Nest Cams

Over the winter, I have enjoyed watching birdfeeder cams (see previous post “Birdfeeder Cams“). Now that spring is around the corner somewhere, it’s time to start following some of the nest cams.

The first nest cam that I began following is the Ferris State University (MI) Osprey Cam.  They’ve been streaming video of a nesting pair of ospreys in their parking lot for five years.  It’s still a little early for the Ospreys to be back yet, so the cameras are not up and running.  They usually return the end of March/early April.  You can check their Facebook page for updates as to when things will get going again for the year.

Here’s a shot from last year.  See the car in the left corner?  That’s me!!

Ferris State Osprey Cam

Here’s another shot from the cam last year w of the whole family.

Ferris State Osprey Cam

Until the Ospreys are back, I’ve been watching some other nests.  In Hawaii, a pair of Laysan Albatrosses recently laid one egg, which hatched successfully about 2 months later on January 27th.  This nest is in the yard of a personal residence near a bluff overlooking the Pacific Ocean.   The chick will take 5-6 months to grow to adult size and take flight.  During that time, it may spend up to 17 days alone, as the parents go on long foraging trips out into the ocean.  Once the fledgling takes flight, it will leave the nest and not return to land for the next 3-5 years.

With the weather the way it is here, how can you not enjoy watching this family?

Laysan Albatrosses Nest Cam


Laysan Albatrosses Nest Cam


Laysan Albatrosses Nest Cam

Also on the Cornell Lab site, high above the athletic fields you can watch a pair of Red-Tailed Hawks that have been nesting at Cornell University for the last four years.  Big Red, and her mate Ezra, have just arrived back and have begun to rebuild their nest again.This will be the third year these bird’s nest activity has been streamed.  To learn more about Big Red and Ezra, be sure to check out their FAQ page.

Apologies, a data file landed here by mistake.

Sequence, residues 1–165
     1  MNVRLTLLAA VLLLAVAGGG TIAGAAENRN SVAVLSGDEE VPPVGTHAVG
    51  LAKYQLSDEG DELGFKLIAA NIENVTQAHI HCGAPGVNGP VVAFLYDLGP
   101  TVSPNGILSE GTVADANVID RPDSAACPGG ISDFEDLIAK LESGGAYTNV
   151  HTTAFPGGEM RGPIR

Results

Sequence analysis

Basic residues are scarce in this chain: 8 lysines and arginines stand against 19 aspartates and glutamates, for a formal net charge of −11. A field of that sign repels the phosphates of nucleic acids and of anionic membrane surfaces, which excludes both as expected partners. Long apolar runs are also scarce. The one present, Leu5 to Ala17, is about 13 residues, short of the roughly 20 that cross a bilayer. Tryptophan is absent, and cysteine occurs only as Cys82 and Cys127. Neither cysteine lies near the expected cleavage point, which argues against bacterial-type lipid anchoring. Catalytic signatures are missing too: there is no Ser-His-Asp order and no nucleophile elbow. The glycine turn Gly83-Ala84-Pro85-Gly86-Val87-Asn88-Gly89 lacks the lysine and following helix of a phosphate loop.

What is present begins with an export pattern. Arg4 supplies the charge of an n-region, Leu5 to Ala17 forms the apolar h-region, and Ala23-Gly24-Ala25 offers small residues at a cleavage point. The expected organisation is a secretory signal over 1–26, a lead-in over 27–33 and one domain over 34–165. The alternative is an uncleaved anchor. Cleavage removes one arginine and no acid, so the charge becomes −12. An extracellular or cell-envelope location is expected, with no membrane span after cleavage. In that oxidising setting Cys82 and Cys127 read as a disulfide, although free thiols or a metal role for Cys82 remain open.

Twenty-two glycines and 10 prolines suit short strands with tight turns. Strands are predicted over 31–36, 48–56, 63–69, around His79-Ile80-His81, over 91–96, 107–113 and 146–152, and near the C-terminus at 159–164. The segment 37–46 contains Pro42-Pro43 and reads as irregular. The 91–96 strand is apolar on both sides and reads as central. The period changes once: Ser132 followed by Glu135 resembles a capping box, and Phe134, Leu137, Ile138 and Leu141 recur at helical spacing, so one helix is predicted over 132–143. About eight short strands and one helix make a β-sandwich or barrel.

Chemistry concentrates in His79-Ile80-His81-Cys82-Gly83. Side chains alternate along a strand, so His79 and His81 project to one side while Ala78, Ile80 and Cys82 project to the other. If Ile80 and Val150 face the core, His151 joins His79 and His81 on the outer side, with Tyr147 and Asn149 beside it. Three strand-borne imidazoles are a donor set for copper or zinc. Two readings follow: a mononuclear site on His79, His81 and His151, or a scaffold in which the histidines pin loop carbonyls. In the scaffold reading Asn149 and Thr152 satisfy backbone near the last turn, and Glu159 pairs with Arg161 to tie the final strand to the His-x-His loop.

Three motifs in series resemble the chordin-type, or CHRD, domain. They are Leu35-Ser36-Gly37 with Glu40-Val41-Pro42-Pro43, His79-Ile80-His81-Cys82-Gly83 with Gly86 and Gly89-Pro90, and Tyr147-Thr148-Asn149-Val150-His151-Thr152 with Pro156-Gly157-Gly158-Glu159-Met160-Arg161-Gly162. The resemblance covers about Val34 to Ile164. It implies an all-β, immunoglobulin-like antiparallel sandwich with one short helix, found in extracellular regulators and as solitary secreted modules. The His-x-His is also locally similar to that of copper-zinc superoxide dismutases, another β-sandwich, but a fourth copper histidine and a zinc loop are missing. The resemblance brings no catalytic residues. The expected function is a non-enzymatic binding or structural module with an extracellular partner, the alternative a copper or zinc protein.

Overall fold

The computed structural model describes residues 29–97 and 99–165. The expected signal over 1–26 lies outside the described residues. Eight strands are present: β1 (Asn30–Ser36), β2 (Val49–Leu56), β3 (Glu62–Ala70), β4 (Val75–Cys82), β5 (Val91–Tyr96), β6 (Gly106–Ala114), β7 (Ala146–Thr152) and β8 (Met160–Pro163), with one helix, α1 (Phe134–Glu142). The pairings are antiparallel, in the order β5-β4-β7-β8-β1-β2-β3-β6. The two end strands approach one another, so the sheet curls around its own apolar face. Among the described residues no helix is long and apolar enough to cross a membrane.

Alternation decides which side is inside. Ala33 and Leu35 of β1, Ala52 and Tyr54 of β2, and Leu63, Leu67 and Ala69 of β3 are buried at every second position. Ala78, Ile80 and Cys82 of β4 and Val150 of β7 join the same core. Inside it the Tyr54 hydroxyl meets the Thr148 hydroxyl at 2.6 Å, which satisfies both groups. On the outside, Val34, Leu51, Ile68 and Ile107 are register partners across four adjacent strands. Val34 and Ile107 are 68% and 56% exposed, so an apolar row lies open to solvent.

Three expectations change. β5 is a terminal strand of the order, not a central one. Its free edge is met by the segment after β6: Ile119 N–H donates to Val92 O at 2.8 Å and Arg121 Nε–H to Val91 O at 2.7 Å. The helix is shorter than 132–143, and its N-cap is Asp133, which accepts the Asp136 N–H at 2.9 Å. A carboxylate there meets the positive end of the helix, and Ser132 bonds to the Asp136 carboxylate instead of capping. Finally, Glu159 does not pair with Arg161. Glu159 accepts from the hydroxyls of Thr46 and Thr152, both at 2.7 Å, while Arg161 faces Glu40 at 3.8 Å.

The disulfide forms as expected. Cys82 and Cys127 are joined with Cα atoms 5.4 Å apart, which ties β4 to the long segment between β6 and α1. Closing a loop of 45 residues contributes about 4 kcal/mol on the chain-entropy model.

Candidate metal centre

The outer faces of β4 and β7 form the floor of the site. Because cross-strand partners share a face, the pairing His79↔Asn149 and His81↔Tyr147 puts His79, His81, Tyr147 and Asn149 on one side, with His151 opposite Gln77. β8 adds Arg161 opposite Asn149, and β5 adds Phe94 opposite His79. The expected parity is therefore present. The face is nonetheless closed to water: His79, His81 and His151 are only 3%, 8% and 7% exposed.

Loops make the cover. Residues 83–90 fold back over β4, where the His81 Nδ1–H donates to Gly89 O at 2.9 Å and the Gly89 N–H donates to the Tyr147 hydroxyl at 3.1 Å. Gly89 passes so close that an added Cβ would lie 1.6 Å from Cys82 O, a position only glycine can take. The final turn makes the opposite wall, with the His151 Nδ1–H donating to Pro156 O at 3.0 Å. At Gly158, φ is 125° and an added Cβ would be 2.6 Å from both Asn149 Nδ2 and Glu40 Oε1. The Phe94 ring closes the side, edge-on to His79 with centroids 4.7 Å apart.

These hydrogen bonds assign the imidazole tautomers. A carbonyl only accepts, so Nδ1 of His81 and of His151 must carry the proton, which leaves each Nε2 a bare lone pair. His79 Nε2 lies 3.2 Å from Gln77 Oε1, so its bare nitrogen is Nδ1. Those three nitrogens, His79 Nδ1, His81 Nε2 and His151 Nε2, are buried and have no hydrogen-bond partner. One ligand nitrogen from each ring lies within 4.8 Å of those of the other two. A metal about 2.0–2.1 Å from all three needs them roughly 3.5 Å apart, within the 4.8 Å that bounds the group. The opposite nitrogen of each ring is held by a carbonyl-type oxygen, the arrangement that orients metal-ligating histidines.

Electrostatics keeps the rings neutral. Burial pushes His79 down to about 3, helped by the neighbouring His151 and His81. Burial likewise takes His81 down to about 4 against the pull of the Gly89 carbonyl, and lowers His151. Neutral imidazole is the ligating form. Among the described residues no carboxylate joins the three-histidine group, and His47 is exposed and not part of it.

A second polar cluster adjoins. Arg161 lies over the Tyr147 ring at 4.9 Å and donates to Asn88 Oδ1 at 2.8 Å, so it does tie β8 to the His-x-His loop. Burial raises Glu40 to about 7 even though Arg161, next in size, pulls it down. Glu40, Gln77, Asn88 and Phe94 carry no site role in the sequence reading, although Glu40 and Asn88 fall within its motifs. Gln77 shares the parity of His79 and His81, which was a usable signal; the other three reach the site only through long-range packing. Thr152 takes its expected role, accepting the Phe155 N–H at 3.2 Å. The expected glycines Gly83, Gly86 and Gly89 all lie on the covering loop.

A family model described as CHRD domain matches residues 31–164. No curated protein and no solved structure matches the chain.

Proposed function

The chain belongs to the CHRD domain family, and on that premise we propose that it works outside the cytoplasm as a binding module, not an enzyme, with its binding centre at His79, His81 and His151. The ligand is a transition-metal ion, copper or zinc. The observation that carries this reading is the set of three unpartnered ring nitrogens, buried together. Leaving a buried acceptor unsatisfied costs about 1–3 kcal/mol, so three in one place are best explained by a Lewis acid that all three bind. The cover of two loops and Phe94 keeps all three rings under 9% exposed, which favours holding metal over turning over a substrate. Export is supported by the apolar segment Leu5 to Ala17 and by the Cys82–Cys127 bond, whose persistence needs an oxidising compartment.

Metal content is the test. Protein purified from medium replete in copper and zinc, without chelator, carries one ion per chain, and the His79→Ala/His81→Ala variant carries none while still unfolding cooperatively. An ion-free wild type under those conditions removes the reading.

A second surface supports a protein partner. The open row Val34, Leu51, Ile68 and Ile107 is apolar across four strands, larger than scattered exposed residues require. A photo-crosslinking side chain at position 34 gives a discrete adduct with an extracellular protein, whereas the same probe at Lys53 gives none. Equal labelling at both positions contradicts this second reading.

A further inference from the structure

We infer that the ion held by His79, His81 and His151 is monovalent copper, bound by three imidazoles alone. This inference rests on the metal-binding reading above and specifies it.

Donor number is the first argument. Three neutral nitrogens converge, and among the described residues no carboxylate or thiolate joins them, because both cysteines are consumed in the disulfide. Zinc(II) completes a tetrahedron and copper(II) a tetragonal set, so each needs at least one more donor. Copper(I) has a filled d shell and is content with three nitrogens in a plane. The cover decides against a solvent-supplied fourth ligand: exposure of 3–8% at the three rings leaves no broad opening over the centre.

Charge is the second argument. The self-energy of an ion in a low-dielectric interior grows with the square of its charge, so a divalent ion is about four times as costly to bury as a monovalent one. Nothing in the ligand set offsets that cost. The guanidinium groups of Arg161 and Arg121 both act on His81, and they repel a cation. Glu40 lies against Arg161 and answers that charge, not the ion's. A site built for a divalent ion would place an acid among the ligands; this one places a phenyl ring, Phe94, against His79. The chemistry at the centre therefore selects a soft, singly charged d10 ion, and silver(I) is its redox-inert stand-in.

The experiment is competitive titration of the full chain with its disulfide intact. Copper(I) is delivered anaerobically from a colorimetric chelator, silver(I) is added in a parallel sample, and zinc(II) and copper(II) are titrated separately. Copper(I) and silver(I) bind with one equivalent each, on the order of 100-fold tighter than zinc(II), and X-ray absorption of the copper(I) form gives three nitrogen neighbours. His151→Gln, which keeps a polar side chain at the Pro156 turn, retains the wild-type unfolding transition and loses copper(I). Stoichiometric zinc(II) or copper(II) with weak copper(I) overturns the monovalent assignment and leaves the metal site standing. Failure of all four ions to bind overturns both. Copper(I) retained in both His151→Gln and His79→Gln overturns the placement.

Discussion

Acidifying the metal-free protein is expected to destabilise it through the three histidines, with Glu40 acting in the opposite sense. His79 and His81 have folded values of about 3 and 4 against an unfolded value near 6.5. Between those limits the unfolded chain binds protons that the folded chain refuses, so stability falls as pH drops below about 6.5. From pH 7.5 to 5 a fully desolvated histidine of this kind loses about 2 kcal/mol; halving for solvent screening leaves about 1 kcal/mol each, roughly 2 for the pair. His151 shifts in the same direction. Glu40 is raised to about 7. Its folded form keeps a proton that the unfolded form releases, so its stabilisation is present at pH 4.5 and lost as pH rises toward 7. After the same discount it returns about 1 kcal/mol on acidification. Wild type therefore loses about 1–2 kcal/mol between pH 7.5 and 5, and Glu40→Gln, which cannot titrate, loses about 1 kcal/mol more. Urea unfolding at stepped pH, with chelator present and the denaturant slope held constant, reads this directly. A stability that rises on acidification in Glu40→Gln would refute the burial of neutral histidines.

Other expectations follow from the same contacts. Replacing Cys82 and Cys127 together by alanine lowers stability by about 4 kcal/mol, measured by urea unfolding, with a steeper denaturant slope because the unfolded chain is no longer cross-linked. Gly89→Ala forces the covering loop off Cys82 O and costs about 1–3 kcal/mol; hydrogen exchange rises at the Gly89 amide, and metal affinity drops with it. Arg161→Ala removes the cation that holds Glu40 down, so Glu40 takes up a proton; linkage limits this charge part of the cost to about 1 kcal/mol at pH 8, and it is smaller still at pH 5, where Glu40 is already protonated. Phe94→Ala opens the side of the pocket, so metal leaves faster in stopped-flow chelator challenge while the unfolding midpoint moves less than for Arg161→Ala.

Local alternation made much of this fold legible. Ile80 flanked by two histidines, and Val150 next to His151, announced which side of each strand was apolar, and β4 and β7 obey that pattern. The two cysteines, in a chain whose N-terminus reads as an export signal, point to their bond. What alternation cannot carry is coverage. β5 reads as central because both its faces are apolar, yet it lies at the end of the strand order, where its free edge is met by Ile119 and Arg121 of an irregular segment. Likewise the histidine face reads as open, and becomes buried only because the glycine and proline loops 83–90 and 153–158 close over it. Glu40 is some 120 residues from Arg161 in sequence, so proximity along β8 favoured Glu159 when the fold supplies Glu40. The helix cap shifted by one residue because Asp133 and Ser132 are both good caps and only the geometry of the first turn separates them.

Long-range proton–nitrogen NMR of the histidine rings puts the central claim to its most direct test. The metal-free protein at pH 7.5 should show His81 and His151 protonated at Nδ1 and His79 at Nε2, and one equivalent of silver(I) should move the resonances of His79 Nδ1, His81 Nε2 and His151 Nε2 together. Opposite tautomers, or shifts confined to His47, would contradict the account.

Interesting place to build a nest, but they seem to like it.

Cornell Red-Tailed Hawk Nest Cam

The Decorah Eagles  site in Decorah, IA, follows a breeding pair of Bald Eagles that have been together since the winter of  2007-08.  Since 2008, they have hatched and fledged 14 eaglets.  They expect this year’s first egg to be laid around February 17th.   So far, the pair has been busy setting up their nest and getting ready.  I’m always so surprised how early Eagles will lay their eggs in such cold climates.  I’ve seen them sit there, covered in snow with the wind howling, keeping those eggs safe and warm.  This nest cam is part of the non-profit Raptor Resource Project which specializes in the preservation of birds of prey.

Decorah Eagles

This is just a few of the nest cams that are out there.  As more come back on-line for the season, I’ll mention them.  If you have a favorite bird, I’m pretty sure someone has a nest cam on it.  Nest cams have really multiplied the last few years and for the most part, people are respectful of the birds.  It’s a great way to follow the trials and tribulations that these birds go through, from predators, to finding food, to fighting the elements.  It’s really exciting to finally see the babies take flight and then one day take off, never to come back.  Then it’s time to cross your fingers and wait and see if mom and dad come back again next year.

2 responses to “Nest Cams

  1. Great post! I’m going to check these out. I have a neighbor who set up a birdcam on a robin’s nest that was just about 5′ off the ground in a young pine tree.

    • I’m hooked on the albatross right now. The baby is so cute. That must have been fun to watch your neighbor’s robin’s nest. As the spring gets going, there’ll be a lot more to watch.

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